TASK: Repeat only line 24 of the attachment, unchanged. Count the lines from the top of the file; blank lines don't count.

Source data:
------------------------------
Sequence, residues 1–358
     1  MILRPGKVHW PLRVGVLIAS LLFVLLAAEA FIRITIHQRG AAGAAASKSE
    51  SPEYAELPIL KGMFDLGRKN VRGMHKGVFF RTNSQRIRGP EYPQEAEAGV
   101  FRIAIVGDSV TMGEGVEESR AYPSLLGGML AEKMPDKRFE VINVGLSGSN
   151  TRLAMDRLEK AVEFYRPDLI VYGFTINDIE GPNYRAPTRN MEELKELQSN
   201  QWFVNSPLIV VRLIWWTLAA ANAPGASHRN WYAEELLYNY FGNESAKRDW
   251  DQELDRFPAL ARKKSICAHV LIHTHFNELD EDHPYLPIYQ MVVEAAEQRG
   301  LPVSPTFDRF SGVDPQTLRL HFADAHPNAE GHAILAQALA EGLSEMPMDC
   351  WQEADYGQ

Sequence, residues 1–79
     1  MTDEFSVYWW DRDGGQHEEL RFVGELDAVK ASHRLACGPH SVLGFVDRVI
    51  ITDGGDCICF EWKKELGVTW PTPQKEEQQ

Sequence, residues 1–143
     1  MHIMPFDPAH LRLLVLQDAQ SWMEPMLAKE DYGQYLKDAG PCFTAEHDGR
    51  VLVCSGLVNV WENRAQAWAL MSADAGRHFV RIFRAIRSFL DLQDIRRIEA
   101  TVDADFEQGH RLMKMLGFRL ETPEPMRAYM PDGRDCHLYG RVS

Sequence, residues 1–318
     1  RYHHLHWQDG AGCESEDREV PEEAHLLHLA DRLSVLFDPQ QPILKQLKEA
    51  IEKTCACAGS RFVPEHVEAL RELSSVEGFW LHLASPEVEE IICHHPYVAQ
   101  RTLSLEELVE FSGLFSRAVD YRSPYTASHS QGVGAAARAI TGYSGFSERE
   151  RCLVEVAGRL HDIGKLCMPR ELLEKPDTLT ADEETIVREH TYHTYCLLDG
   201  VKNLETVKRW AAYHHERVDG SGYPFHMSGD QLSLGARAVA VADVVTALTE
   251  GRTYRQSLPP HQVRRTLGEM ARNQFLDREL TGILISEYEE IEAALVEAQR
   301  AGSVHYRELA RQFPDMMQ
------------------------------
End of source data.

   301  AGSVHYRELA RQFPDMMQ